The afternoon session dealt with the issue of the continent’s private sector development. In his introduction, Pierre Ewenczyk (Coordinator of the African Economic Outlook) reminded participants that limited access to financial resources continued to impede the diversification of African economies and their fight against poverty. Paul Derreumaux (President, Bank of Africa Group) argued that the lending policies of international and regional financial institutions ought to be more supportive of business, and that African governments could play a much stronger role in making the private sector a motor for growth. Pierre Jacquet (Executive Director, Strategy Directorate, Agence Française de Développement) underlined the need for aid to help build capacities and finance infrastructures, whilst Elizabeth Littlefield (CEO, Consultative Group to Assist the Poor) welcomed the growth of microfinance institutions as a promising contribution to poverty alleviation.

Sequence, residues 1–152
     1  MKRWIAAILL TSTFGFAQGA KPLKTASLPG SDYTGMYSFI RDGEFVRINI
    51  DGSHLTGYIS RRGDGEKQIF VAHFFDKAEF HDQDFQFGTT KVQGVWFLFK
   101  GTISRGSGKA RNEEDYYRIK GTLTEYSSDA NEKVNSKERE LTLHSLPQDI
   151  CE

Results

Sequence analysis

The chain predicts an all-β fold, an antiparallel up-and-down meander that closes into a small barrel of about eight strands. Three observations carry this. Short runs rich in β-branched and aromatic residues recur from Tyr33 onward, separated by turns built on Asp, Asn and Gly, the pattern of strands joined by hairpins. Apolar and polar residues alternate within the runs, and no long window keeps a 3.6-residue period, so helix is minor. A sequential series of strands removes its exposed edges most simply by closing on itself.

Organised annually by the African Development Bank (AfDB) and the OECD Development Centre, the Forum included an introduction to their 2004-2005 African Economic Outlook (AEO) report, an annual independent update on the economic and political situation in 29 African countries. The new AEO attracted an animated discussion in the Forum’s “questions and answers” sessions, with many participants applauding its neutrality in assessing questions of African development.
9:30-10:00 Registration – tea/coffee
Introductory remarks by Ambassador Basílio Horta, Permanent Representative of Portugal to the OECD & Chair, OECD Development Centre Governing Board
Opening Statement by Omar Kabbaj, President, African Development Bank
Opening Statement by Kiyo Akasaka, Deputy Secretary General, OECD
I. 2005: Challenges for Africa in the International Context
Chair: Omar Kabbaj, President, African Development Bank
10:30-10:50 Highlights of the African Economic Outlook 2005
Presentation by Henock Kifle, Chief Economist, African Development Bank
African economies have just registered their highest overall growth in eight years - more than 5 per cent in 2004 - thanks to high oil and metal prices, good results in agriculture and prudent economic policies. Growth in the next two years should be just as high, or even better. But can it be sustained and lead to long-term improvements in the lives of Africa’s populations? And what can trade partners and donors do to help?